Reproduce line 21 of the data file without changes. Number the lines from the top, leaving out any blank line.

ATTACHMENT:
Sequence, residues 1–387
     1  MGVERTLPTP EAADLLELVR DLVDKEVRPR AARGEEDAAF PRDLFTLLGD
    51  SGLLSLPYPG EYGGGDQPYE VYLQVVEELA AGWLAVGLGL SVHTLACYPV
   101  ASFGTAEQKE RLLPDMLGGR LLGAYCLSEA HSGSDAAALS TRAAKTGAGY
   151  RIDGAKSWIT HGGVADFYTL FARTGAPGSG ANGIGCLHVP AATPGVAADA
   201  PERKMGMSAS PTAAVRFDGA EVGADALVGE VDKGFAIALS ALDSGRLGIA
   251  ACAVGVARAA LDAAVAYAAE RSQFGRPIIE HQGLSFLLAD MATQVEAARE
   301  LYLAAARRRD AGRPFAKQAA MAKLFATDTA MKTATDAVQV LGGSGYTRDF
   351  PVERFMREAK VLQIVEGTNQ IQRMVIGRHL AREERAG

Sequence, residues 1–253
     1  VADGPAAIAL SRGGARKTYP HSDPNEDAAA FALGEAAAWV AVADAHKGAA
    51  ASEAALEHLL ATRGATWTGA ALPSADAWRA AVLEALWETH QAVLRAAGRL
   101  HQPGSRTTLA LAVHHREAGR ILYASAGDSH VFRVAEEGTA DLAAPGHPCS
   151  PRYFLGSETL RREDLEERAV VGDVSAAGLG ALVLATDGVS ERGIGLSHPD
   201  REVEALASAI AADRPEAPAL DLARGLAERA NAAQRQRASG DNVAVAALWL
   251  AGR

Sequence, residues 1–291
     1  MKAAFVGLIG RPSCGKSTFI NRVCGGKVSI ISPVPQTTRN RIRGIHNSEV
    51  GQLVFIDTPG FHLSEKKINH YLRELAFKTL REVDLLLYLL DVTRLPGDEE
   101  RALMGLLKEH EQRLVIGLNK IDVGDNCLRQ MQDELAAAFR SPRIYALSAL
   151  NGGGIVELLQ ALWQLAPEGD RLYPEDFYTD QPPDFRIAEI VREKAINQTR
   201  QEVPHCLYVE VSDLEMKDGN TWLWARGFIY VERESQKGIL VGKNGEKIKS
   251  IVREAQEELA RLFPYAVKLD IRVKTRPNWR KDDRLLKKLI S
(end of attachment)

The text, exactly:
   151  NGGGIVELLQ ALWQLAPEGD RLYPEDFYTD QPPDFRIAEI VREKAINQTR